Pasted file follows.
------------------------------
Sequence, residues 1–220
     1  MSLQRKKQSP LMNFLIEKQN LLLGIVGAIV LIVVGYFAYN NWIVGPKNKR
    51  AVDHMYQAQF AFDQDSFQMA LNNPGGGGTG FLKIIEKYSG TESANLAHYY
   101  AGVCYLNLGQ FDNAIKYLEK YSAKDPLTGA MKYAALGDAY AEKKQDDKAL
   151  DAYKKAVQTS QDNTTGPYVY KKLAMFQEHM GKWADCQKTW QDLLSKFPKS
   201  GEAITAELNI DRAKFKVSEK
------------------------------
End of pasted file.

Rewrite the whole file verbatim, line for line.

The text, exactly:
Sequence, residues 1–220
     1  MSLQRKKQSP LMNFLIEKQN LLLGIVGAIV LIVVGYFAYN NWIVGPKNKR
    51  AVDHMYQAQF AFDQDSFQMA LNNPGGGGTG FLKIIEKYSG TESANLAHYY
   101  AGVCYLNLGQ FDNAIKYLEK YSAKDPLTGA MKYAALGDAY AEKKQDDKAL
   151  DAYKKAVQTS QDNTTGPYVY KKLAMFQEHM GKWADCQKTW QDLLSKFPKS
   201  GEAITAELNI DRAKFKVSEK